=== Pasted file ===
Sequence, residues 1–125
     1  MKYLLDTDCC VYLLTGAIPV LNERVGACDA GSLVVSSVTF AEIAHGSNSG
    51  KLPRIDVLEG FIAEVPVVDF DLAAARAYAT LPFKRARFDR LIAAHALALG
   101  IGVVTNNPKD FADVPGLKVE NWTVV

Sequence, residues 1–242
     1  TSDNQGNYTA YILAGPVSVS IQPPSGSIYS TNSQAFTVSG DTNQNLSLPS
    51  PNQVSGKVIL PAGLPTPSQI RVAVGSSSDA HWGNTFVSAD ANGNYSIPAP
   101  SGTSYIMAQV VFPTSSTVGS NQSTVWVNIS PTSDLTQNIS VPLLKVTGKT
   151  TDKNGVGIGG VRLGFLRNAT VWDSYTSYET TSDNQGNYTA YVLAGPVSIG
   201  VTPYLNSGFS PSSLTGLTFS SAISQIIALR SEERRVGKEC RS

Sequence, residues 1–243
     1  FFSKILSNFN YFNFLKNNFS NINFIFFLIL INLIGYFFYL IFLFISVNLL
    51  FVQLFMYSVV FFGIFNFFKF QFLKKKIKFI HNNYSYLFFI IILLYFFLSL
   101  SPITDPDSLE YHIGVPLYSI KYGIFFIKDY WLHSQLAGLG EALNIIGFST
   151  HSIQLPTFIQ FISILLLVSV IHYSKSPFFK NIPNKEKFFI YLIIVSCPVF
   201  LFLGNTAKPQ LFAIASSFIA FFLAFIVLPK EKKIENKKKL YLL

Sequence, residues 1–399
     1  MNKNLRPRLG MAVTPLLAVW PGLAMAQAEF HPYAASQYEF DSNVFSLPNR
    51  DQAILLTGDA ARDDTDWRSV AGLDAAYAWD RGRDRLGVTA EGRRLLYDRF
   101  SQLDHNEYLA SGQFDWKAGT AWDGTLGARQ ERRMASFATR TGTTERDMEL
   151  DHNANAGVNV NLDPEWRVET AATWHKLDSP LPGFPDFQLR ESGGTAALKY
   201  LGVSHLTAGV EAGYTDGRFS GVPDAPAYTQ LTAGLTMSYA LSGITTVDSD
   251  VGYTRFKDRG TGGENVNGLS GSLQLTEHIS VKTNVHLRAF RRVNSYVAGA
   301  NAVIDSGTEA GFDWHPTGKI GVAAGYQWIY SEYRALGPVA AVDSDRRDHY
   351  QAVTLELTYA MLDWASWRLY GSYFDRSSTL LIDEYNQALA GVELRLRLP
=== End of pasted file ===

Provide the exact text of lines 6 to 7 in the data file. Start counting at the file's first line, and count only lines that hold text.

     1  TSDNQGNYTA YILAGPVSVS IQPPSGSIYS TNSQAFTVSG DTNQNLSLPS
    51  PNQVSGKVIL PAGLPTPSQI RVAVGSSSDA HWGNTFVSAD ANGNYSIPAP